Review – While We’re Young

Poster for 2015 dramedy While We're Young

Genre: Drama
Certificate: 15
UK Release Date: 3rd April 2015
Runtime: 97 minutes
Director: Noah Baumbach
Writer: Noah Baumbach
Starring: Ben Stiller, Naomi Watts, Adam Driver, Amanda Seyfried, Charles Grodin
Synopsis: A childless, middle-aged couple, bored of their own lives, find a new sense of purpose when they befriend a pair of trendy youngsters and begin to question their way of life.




Noam Baumbach is well-known as a hipster filmmaker, often working alongside his contemporary Wes Anderson and girlfriend Greta Gerwig – star of Baumbach’s Frances Ha. His latest film, While We’re Young, takes a mature, wryly amusing, look at modern youth through the eyes of a middle-aged couple.

Documentary filmmaker Josh (Ben Stiller) and producer Cornelia (Naomi Watts) have a healthy relationship, but struggle with their busy jobs and Cornelia’s inability to have children. Maddened by their older friends child-centric existences, they start to spend time with a younger couple – Jamie (Adam Driver) and Darby (Amanda Seyfried) – who couldn’t be more different to them.

Everything that While We’re Young suggests with its trailer is present and correct in the movie. There are moments when the film feels like taking a walk through Camden as the only person without a vinyl collection. Despite its hipster trappings, though, While We’re Young ultimately proves to be a cleverly-observed comedy inhabited by intriguingly complex characters.

| "There’s something about being around them that energises you."

Ben Stiller and Naomi Watts have great chemistry as the central couple in While We’re Young. Both are believable, with Stiller comfortable as the workaholic artist who can’t quite bring his vision together and Watts solidly frustrated as a childless woman in a baby-mad world. They are both uptight, tech-obsessed and every inch the archetypal suburban couple.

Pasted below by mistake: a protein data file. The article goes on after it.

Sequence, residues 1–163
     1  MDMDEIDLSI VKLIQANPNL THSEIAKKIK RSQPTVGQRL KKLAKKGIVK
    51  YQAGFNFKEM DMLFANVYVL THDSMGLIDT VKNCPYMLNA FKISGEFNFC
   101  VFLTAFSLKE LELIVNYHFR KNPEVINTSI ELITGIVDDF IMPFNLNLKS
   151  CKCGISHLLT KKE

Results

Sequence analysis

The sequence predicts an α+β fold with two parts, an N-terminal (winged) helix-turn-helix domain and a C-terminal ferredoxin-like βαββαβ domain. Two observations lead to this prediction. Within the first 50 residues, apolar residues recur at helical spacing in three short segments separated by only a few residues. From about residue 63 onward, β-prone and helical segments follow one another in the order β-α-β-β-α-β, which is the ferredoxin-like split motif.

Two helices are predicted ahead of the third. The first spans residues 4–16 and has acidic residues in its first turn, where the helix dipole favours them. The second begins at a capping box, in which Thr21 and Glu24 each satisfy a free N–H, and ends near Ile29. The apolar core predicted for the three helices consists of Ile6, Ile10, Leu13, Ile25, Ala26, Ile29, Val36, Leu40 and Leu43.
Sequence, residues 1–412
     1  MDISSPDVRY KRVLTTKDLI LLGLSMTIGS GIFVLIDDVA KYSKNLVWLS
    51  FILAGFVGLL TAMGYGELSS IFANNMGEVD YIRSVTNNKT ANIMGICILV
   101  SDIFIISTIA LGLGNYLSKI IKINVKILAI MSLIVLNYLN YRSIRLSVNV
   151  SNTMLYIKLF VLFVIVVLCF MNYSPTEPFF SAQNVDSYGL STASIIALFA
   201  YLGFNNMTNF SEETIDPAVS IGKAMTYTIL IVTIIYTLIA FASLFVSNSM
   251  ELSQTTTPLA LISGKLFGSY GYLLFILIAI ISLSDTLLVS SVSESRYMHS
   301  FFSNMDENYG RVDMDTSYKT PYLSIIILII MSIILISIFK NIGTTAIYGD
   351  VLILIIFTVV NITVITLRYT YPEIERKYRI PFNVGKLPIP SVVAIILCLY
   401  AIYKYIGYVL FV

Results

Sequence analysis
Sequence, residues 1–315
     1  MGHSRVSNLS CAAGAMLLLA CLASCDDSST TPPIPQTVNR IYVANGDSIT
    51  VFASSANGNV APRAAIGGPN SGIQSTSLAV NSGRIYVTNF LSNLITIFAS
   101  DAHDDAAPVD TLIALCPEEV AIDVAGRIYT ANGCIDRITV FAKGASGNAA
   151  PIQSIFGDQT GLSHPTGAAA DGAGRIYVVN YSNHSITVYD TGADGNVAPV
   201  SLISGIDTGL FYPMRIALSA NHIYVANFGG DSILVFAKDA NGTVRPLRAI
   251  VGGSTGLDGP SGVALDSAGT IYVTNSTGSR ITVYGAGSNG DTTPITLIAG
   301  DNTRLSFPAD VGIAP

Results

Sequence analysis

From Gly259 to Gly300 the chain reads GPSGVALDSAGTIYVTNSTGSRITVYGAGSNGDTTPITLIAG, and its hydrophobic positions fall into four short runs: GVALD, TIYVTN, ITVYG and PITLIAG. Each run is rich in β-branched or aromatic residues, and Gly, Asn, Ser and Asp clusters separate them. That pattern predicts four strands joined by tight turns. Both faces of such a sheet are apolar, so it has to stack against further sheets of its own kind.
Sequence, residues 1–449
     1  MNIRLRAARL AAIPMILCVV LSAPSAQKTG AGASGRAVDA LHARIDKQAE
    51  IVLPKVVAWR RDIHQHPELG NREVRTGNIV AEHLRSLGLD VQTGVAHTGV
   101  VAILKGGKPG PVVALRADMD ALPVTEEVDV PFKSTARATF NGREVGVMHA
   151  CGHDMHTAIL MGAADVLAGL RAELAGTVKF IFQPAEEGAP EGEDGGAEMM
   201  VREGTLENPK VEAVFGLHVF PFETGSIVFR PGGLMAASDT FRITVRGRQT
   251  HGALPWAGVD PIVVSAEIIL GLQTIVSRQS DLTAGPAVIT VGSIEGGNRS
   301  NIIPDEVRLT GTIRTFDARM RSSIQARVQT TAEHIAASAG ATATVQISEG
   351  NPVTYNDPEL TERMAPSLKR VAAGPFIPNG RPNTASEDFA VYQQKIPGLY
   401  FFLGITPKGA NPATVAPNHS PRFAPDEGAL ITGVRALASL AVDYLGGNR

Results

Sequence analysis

Baumbach reveals just enough of their mundane daily lives before introducing Adam Driver and Amanda Seyfried’s curveball kooks. Stiller’s character stammers through a lecture when his Powerpoint doesn’t work, but Driver and Seyfried seem unbothered by the technological failure when they speak to him afterwards. It’s a neat snapshot of their lives – in which vinyl replaces digital downloads and the written word takes the spot of shiny smartphones.

This inversion of audience expectations sits at the heart of While We’re Young. Baumbach perhaps leans a little too heavily on this basic premise, particularly in terms of his film’s comedic moments, but there’s also a rich dramatic plot that comes to an impressive zenith in the third act. That climax has plenty to say about the nature of truth and its place in modern society. It’s when Baumbach is observing that the film is at its best.

In direct opposition to the heart-on-his-sleeve Stiller, Adam Driver has a certain creepiness to him that really makes this role fly. He’s believable as a guy who has buckets of charm on the surface, but always seems to have an undercurrent of falsehood underneath. There’s something about him that doesn’t quite ring true, especially in his relationship with Seyfried, which seems as if it is constructed in order to fit Stiller and Watts’ ideal.

| "He’s not evil. He’s just young."

Some of the comedy falls a little flat, particularly in a bizarre sequence set around a ceremony in which the protagonists take hallucinogenic drugs, which is much too Seth Rogen for this film. When Baumbach dials it all back, though, as he frequently does, While We’re Young is an engrossing look at the nature of ageing as well as the notion of truth.


Pop or Poop?

Rating: Pop!

With four terrific performances moving it along, While We’re Young manages to avoid falling into the realm of hipster twaddle.

Noah Baumbach’s film is neatly observed and takes very interesting plot turns. Not all of the comedy works, but there are some genuinely funny moments for each cast member.

While We’re Young has no desire to set the world alight, but it’s happy to succeed in its own little niche.


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